By By Tom Esslemont
LONDON (Thomson Reuters Foundation) - All warring sides in Yemen are increasingly using teenage boys to swell their ranks as fighting intensifies, the U.N. children's agency (UNICEF) said on Thursday.
Fighting began to spread across Yemen last September, when Houthi rebels seized the capital, Sanaa, and began to fan out across the country, forcing President Abd-Rabbu Mansour Hadi from his seat of power.
During the same period UNICEF said it had documented 144 cases of recruitment of boys under 18. The agency said the rate of child recruitment had increased by 47 percent in 2014 from the previous year.
"Joining the armed forces and armed groups is often seen as a way to support families and the exacerbation of the conflict has increased recruitment opportunities," Micaela Pasini, the agency's head of child protection in Yemen, told the Thomson Reuters Foundation.
The U.N. Security Council said in 2014 that Houthi rebels, al Qaeda in the Arabian Peninsula (AQAP), government forces and supporting militias were all responsible for recruiting children.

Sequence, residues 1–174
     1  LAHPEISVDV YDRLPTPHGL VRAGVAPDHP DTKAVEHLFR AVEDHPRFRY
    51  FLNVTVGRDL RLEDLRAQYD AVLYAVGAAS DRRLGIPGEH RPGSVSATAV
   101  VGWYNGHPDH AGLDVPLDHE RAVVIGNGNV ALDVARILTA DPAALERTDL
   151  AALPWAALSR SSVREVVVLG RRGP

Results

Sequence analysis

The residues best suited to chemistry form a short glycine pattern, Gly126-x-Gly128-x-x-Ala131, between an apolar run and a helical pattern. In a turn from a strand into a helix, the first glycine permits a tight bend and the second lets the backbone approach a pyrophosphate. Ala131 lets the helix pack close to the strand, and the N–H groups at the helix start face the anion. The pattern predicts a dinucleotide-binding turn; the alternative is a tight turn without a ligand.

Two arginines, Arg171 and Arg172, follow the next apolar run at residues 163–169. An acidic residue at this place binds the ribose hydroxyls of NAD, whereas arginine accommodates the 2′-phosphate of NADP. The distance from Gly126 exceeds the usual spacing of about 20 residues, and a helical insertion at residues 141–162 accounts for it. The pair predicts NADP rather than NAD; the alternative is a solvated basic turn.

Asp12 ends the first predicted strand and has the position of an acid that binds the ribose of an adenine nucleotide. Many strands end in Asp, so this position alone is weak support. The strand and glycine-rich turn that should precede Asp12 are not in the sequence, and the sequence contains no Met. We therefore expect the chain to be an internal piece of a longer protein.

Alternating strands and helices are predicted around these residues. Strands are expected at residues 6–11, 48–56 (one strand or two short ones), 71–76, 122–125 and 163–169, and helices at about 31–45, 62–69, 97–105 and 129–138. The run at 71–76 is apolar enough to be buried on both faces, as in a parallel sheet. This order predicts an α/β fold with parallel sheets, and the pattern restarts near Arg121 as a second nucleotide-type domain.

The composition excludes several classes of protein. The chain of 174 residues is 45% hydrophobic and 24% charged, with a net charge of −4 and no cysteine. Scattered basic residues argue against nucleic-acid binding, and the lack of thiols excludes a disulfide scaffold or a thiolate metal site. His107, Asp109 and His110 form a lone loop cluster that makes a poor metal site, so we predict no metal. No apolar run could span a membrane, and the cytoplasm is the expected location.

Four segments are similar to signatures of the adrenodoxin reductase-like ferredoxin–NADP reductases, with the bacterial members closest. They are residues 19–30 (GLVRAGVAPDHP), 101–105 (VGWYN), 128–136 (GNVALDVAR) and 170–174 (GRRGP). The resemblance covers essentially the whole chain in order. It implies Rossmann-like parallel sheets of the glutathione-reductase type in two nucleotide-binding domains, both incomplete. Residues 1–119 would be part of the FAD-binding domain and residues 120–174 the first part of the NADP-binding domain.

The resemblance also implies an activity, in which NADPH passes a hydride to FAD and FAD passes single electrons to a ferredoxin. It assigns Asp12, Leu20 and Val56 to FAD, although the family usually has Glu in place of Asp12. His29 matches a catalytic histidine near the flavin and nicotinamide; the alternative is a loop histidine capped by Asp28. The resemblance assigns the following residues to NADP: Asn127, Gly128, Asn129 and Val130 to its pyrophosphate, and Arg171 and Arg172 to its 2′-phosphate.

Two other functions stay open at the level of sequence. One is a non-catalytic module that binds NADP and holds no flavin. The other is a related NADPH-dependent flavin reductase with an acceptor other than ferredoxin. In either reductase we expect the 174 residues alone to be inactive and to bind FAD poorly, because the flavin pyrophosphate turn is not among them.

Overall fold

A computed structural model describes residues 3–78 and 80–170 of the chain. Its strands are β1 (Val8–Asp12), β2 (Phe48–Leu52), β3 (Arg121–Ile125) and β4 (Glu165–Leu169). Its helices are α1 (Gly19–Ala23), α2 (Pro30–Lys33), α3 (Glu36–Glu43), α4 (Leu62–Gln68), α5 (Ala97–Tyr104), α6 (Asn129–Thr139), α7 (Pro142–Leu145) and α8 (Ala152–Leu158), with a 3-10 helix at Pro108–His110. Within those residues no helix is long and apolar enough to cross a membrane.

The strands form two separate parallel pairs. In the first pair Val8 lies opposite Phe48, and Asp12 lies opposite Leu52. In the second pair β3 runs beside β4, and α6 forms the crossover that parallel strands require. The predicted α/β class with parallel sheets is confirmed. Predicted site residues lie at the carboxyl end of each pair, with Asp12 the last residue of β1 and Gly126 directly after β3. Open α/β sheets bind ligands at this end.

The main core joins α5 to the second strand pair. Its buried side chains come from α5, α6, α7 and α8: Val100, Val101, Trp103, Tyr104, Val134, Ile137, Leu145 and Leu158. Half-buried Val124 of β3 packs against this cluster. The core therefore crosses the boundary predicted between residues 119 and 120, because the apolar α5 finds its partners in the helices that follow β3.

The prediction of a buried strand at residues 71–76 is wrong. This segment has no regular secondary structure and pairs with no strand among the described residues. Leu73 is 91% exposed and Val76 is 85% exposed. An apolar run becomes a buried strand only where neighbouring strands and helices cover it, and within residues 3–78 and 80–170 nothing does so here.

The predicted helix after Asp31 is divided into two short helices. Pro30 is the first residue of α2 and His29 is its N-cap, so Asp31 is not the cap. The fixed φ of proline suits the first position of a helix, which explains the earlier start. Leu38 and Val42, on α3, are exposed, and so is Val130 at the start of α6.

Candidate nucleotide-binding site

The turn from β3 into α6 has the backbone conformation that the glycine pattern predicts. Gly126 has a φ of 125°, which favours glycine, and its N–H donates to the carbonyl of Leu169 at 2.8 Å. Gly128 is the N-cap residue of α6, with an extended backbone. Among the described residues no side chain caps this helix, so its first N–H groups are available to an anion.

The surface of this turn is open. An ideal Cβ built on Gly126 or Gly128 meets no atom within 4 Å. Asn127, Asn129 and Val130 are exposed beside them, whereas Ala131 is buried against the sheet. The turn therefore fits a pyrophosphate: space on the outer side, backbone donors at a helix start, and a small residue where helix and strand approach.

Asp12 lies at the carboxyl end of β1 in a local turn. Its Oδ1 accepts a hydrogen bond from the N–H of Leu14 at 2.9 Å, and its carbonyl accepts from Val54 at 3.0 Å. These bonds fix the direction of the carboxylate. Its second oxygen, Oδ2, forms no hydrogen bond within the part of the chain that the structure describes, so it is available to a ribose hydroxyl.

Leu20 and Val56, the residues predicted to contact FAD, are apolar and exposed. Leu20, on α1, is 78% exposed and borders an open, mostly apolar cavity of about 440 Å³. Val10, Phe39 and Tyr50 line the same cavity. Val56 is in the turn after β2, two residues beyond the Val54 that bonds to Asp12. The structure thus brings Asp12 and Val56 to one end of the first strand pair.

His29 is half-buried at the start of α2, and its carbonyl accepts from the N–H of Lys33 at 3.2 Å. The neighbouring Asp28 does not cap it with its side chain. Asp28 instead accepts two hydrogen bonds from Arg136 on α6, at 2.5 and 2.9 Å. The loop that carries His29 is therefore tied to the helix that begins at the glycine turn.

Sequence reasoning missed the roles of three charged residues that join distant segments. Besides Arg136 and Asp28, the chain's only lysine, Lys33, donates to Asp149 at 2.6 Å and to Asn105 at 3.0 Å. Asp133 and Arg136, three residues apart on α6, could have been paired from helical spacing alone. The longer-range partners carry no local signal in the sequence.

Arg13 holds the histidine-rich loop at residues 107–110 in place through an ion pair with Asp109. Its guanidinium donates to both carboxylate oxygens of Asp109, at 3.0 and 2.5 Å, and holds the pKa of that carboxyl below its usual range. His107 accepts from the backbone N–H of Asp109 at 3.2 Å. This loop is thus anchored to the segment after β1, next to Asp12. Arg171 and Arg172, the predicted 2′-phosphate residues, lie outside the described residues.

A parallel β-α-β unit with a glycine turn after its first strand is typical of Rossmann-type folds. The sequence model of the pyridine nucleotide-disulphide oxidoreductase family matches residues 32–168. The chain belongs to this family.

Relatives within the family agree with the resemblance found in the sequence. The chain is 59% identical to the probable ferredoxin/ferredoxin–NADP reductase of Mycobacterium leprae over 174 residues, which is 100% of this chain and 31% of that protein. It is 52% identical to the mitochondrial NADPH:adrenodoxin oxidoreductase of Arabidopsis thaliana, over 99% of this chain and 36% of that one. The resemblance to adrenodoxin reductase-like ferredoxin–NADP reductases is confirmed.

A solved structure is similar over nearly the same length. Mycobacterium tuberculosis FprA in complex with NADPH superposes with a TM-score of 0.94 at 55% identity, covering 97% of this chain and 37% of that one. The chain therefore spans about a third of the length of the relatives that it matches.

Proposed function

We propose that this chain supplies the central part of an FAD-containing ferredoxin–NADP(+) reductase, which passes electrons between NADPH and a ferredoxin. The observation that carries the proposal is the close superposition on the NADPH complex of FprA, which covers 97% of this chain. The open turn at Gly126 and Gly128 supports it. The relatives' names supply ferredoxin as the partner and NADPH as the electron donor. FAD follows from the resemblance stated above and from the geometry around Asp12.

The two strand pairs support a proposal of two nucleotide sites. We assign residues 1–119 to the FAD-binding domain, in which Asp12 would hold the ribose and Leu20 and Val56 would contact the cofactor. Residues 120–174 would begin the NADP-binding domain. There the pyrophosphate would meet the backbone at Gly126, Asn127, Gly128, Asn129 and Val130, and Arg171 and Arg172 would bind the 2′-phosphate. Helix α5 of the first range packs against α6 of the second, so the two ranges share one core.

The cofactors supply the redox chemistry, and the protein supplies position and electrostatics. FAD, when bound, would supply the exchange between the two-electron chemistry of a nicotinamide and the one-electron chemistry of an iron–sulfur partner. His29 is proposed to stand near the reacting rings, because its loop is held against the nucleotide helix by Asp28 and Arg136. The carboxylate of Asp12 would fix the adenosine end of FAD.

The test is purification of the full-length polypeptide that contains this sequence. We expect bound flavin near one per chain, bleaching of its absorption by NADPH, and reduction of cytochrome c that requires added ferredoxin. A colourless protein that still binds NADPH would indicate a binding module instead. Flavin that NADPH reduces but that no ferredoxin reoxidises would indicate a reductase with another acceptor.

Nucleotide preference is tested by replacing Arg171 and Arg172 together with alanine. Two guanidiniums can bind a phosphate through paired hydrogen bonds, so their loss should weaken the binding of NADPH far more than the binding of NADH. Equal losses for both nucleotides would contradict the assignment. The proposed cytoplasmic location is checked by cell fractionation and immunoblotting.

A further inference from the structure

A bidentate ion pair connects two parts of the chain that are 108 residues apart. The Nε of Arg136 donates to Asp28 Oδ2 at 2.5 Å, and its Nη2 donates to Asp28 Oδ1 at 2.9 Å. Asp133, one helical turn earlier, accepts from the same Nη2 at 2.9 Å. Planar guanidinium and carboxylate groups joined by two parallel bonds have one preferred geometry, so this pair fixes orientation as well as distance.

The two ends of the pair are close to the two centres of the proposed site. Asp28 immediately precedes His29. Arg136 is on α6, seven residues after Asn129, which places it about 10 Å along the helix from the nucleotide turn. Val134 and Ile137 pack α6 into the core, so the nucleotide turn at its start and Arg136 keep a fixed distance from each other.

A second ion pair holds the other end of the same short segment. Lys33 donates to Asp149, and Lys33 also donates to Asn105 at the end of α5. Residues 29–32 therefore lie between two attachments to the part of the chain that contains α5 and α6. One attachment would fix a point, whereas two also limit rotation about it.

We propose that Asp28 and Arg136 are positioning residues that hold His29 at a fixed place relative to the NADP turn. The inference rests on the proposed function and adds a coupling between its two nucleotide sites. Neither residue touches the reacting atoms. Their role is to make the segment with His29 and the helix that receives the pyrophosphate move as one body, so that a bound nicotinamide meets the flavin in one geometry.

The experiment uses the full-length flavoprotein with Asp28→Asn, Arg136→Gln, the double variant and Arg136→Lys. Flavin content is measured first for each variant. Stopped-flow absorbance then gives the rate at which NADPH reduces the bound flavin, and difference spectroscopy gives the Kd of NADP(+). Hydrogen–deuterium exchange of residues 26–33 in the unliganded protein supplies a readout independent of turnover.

"Cultural norms combined with extreme poverty have compelled children to take on the role of breadwinner, including by joining the armed forces and armed groups," Pasini said.
She said the numbers were probably just the tip of the iceberg, because in many cases families might not be willing to report recruitment for fear of retaliation.
UNICEF data reveals how other aspects of the conflict are having an impact on children, including attacks on schools and hospitals and a rise in reports of sexual violence.
"We have heard children raise concerns about returning to school, fearful it may be attacked," Pasini said.
Last Sunday the United States evacuated its remaining personnel, including about 100 special operations forces, from Yemen because of the deteriorating security situation.
"Yemen needs support of the global community more than ever before," Pasini said. "A reduction in aid will result in losses in the gains made so far in the protection and fulfillment of children’s rights."
(Reporting By Tom Esslemont; Editing by Tim Pearce)